By midday the advance party had reached the top of Mt Wilhelm after climbing through several miles of moss forest. Trees and stones were grown over with moss, which was an inch thick on the ground. The prolonged physical exertion of the climb, the difficult foot work, and the thinness of the air at this altitude, were telling. Will power kept the party going.
At 3 pm they reached the crashed aircraft, a US Boston bomber. Two of the crew were still alive but suffering from exposure, and their injuries had become infected. Medical treatment was given with such supplies as the rescue party carried.
The cold was intense during the night. To keep the injured airmen warm, the Australians huddled up around them. The following morning a large party of natives arrived and cut a track through the jungle down the side of the mountain range ahead of the rescue party. The native helpers carried the American airmen.
Passing down to the Chimbu Valley, the party met an American medical officer waiting for them at Kerowagi. The injured men were immediately transferred to base hospital by air. The RAAF NCOs went on with their salvage job and subsequently returned to their unit higher up the Island. Their expedition to Mt Wilhelm remained a secret for, with them well, “it was just an incident in a job of work.”
Townsville Daily Bulletin "Epic Rescue by RAAF Men" February 17, 1945 page 5
"How four R.A.A.F. N.C.O's. with little knowledge of the country through which they had to pass, and without thought for their own safety, performed an epic rescue of the crew of a U.S. Boston bomber is told In a graphic story.
In the latest Issue of the R. A. A.F.'s official journal. 'Wings'. A Queenslander, a Victorian, and two New South Welshmen— all fitters — were working on a salvage job in a remote emergency landing strip at Kerowagi, when they learned by 'tok' a native system of passing urgent messages across mountains and valleys by yodelling, of an air crash In the mountains.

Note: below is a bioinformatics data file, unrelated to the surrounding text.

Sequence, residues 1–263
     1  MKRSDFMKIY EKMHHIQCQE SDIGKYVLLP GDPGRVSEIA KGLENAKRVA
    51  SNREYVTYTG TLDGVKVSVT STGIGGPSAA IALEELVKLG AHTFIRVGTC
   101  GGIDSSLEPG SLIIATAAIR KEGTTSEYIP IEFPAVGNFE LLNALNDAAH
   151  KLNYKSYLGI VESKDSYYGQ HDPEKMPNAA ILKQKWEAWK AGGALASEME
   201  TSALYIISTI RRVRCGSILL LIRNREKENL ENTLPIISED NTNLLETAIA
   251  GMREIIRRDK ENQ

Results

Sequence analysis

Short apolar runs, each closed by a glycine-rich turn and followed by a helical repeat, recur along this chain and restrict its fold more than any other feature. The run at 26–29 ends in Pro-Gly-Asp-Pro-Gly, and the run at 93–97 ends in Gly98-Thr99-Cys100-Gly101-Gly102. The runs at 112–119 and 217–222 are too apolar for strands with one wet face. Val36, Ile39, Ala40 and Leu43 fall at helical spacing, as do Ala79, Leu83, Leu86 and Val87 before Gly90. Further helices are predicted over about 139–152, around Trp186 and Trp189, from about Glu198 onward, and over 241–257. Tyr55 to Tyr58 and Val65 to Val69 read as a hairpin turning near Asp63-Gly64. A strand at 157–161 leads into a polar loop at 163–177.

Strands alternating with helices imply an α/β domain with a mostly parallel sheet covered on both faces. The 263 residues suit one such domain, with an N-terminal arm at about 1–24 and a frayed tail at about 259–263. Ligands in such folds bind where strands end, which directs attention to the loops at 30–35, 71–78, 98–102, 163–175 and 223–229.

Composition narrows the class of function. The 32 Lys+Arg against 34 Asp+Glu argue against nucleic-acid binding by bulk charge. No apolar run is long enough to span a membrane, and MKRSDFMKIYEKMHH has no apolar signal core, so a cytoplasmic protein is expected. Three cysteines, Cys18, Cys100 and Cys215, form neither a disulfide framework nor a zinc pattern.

Although darkness was approaching, they Immediately set out with an Angau representative, a native boy to act as interpreter, and a native bearer patty following behind with supplies and medical equipment. In Intense heat almost intolerable conditions, and over treacherous mountain paths and creek beds, and at night beset by the cold, the party eventually reached the crashed aircraft. Two of the crew were still alive, but were suffering from exposure. Medical treatment was given on the spot with such supplies as they had available, and to protect the airmen from cold, the rescuers huddled closely around them.
Native carriers arrived next morning and cut a path down the steep mountainside for the return Journey. Passing down the Chimbu Valley, the party met an American medical officer awaiting them. The Injured men were immediately transferred to base hospital by air.
Their work done, the R.A.A.F. N.C.O's. returned to their normal job. But their efforts did not go unheralded. They received a letter of commendation from the U.S. Army Air Force, thanking them for the rescue of its members."
Wings Magazine has an article about this rescue
Thanks to Edward Rogers for research and analysis.

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Last Updated
February 4, 2018